“How many more first dates are you going to go on?” my dad asks. “And when do you move on to Round Two?”
We’re driving to the gym, and if it isn’t weird enough that I work out with my dad, I also discuss my relationships with my dad (and even if I didn’t, he reads my blog and on occasion, he even serves as my chauffeur).
I don’t know how to answer my dad’s question because the truth is I’m making the rules up as I go. How many more first dates should I go on? And what exactly should “Round Two” comprise? In some ways, Round Two has already begun. I’ve been on repeat dates with Dates #3 and #4 and even though #3 has decided to opt out of my “anthropological experiment,” Date #4 is, for whatever reason, still putting up with me.
Date #2, despite the lovely dinner we shared two weeks ago, has somehow slipped by the wayside. He called on my birthday but we haven’t spoken since and it’s only just now occurred to me that perhaps it was incumbent upon me to organize our second date. Of course, I was too busy setting up first dates with Date #5 and Date #6 to figure this out (which is, in and of itself something of a problem) and now I’m not sure if I should just let it go or if I should give Date #2 a call.
The problem with dating multiple men, aside from the obvious issues of emotional entanglement and the equally grave danger of wearing the same dress twice, is that all of the associated “Whom-should-call-whom?” drama is multiplied to the tenth power. Or to the sixth power, as it were. Or by the sixth power perhaps (do you multiply “by” or “to?” And can you even multiply by a power of six? I don’t know. Math has never really been my thing so feel free to weigh in on this, all of you mathematically gifted types. Lucky for me its still summer and I’m wearing open-toed shoes most of the time so at least I can count to ten on my feet).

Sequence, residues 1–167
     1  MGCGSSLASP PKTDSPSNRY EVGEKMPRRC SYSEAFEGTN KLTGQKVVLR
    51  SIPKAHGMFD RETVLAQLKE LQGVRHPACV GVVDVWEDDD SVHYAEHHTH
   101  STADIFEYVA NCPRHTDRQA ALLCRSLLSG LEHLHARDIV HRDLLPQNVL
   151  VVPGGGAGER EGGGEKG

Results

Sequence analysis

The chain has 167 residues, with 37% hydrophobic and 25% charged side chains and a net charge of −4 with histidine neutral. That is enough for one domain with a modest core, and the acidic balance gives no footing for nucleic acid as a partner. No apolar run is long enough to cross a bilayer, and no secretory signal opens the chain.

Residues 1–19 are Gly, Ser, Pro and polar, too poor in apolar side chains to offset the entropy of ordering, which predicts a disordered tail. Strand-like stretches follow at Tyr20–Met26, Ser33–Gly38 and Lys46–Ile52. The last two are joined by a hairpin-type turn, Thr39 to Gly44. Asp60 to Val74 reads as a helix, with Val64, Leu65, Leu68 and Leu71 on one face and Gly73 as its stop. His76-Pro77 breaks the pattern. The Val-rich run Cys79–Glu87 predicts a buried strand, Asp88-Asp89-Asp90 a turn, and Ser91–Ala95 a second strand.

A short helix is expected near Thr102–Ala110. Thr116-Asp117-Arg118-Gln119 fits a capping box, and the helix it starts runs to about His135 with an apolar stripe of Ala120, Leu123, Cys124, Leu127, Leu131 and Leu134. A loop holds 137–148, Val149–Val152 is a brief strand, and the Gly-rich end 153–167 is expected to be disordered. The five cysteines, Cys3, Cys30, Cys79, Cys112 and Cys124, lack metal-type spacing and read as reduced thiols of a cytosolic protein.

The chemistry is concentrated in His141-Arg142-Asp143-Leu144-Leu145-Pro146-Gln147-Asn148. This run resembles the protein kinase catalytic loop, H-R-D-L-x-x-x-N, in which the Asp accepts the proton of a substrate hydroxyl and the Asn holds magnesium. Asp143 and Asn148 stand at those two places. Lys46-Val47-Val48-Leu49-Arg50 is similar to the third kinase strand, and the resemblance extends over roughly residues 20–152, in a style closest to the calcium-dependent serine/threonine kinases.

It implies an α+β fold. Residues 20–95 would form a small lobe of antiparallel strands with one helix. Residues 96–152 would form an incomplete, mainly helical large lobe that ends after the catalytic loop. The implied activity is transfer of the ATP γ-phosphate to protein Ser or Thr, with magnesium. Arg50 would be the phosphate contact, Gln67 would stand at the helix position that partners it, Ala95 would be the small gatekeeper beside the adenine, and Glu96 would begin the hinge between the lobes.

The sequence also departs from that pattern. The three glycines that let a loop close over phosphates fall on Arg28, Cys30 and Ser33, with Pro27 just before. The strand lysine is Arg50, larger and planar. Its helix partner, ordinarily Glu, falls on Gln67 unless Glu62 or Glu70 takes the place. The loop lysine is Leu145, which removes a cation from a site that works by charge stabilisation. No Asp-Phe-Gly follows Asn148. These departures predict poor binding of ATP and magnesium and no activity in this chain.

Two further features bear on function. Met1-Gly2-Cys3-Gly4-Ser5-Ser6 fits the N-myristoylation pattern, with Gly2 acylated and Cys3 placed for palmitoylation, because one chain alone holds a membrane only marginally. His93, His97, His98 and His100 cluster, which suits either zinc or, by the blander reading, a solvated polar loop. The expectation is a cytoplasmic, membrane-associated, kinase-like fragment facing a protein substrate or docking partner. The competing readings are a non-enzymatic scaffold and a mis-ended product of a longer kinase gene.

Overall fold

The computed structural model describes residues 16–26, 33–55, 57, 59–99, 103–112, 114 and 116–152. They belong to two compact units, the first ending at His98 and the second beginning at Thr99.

In addition to stalking handsome American grad students during my time in London (including he of the “sort of girlfriend” infamy), I conducted a little experiment with my flat mates. It was all very scientific—a line graph and all—and we collected data for an entire term.
Like most well funded, university-sanctioned experiments (not that ours was), our data and its careful analysis proved what most people already know: if a guy hasn’t called you by the third day, he’s not going to call.
We arrived at this conclusion after a series of dates (and luckily, I had several “colleagues” to work with on this particular endeavor so I was spared the trouble of the prolific dating that has since become my modus operandi). For the sake of our so-called research, we dutifully plotted points on our graph and performed various calculations which bore, I’d like to think, some resemblance to calculus (yeah I know, dream on, Kat).
And yet no matter how we manipulated our data, the results remained the same: the third day is Judgment Day.
There are, however, exceptions to this rule. Some guys will call on the first day. Some guys will even call or send a text on the same day and while conventional wisdom would suggest that this makes them lame or overeager, I quite appreciate the man who’s confident enough to know what he wants and intelligent enough to know how to get it.
Of course, some guys will also call on the seventh day, especially if they’re just out of a long term relationship and a bit scared of getting back into the game. And I have this on good authority because it happened to me once when I first arrived in Philadelphia three years ago. Being that I was new in town and utterly friendless at the time, I knew exactly who was calling when my caller ID revealed an unknown number. It was him. But still, I had to pretend that I had forgotten all about him and that I hadn’t been anxiously checking my messages for the past week. Why do we feel compelled to do such things?
And if you think I was making up the part about the line graph, I’m not. I still have the chart and I would post it online if not for my desire to protect the identities of my fellow researchers. I might be making up the rules as I go, and I might be headed for a crash landing (make that a crash landing to the sixth power, actually) I am trying to do the right thing. Anthropology, after all, is a fickle mistress and despite the very best of intentions, the ethnographer often ends up destroying that which she has come to love.